While Alvarez seems to grapple with and be aware of her privilege as a White woman on one hand–particularly by acknowledging that feminism must include the voices of all women, regardless of race, class, or sexual orientation–she also seems unable (or unwilling?) to parse the difference between race and nationality, choosing to straddle both lines out of convenience, calling herself a “White woman of color”–even though she is not.

Interestingly, Alvarez seems to unintentionally indulge in her own privilege by minimizing the concerns of women of color by calling for a “nuanced conversation that takes into account the various spectrums of race and ethnicity within gender justice, instead of lumping feminists into “white” and “WoC” warring factions.” Her need to “expand” the conversation to include more voices like her own (White women crossing the color line) seems to further illustrate the need for the #SolidarityIsForWhiteWomen movement in the first place.

While Alvarez says she has “empathy” for her “[women of color] sisters,” she tries to keep a foot in both worlds by choosing an identity when it suits her. At home in Miami or Mexico? She’s White. At school or when she’s speaking about race? She’s a “woman of color.”

Sadly, Alvarez seems to fall victim to the notion that race = nationality. And like many (particularly Americans), she seems to have bought into the thinking that being Latino automatically makes her a minority. For instance, she says her mother is “biracial” because she was born to a Mexican (which isn’t a race) father, and Anglo-American (read: White) mother. While Alvarez gives no details about her grandfather’s actual race (is he Mestizo or a descendant of Europeans like her father?), she seems to once again be muddling the terms.

But here’s rub: being White excludes her from being a woman of color. Period.

Having a Spanish surname, being born in Mexico, and being bilingual does not grant her “colored” status anymore than if I’d been born in Germany and spoke German would somehow make me White.

  • cherlayn

    wow!!!

  • Anthony

    White woman of color is not an oxymoron when you consider that race is a social construct. Your race depends on not only how you see yourself, but how others see you.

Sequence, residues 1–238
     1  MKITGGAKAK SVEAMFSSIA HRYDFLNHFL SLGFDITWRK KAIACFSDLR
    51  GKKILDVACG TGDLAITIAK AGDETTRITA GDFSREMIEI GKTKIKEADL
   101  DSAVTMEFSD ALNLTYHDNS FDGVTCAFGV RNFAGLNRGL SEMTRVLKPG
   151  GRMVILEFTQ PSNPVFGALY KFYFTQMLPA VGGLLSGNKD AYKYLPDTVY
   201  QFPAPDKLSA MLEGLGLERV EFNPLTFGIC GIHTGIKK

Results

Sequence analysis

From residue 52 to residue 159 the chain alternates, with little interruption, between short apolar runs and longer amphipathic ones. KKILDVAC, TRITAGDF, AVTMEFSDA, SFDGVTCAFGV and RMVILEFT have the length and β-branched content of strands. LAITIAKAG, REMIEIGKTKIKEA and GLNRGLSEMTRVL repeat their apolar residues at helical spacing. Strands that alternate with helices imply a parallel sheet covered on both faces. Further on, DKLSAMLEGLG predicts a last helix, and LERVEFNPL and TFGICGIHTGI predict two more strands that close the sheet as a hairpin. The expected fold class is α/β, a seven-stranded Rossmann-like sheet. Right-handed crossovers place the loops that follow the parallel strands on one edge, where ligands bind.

• Entro

    They’re taking woman of color now?How in the hell can you be a white woman of color ? This appropriation is becoming too much and these people are going to have to be called out on the BS . I don’t know why clutch even gave this woman a forum..this is getting ridiculous

  • Entro

    Woman of color is not a racial designation but a description of a person that is non white, since white is not a color it cannot possibly be anything but an oxymoron. Now you want to change the definition of color to suit your narrative and appropriate someone else’s struggle in order to profit or just have something to say to make your life more interesting? Please

  • Anthony

    I know I would see her as a white woman, and I have no doubt that she would act white towards me. Her issue seems to be how Non-Hispanic whites treat her.

  • Annoyed

    Years ago, I met a young man from Spain who told me his whole life he was white until he moved to the US where he was considered nonwhite. This is what I hate about discussions like this. People get to choose how they identify irrespective of the opinions of the rest of the world. This young woman is Mexican and only in the US does that come with the certainty, not even a mere presumption, that she is nonwhite. I’m an American but sure as heck not white. You can be from any country and embrace a different cultural or ethnic Identity.

    I got a lot of thumbs down when commenting that brown/black Latinos identify themselves as Latino first and color second. I wonder if this constrictive thinking is only peculiar to the US because Americans of all colors seem to demand that the “other” abandon their identity and identify however a given individual dictates. How presumptuous is that?